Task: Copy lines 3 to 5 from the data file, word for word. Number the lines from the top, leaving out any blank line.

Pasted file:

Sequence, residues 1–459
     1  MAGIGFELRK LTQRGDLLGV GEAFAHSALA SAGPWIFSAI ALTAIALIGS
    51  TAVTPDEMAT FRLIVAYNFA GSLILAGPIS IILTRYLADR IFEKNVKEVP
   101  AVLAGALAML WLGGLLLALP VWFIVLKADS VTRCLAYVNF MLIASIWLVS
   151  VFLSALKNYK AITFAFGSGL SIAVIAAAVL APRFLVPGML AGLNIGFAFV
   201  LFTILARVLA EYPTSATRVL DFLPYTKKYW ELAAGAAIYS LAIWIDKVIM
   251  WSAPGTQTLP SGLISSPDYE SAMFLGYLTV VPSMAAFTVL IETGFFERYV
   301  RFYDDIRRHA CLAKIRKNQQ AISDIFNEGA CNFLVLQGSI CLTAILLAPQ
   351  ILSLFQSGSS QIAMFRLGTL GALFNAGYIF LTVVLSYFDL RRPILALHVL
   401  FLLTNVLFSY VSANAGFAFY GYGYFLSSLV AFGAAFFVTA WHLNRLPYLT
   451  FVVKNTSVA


    51  TAVTPDEMAT FRLIVAYNFA GSLILAGPIS IILTRYLADR IFEKNVKEVP
   101  AVLAGALAML WLGGLLLALP VWFIVLKADS VTRCLAYVNF MLIASIWLVS
   151  VFLSALKNYK AITFAFGSGL SIAVIAAAVL APRFLVPGML AGLNIGFAFV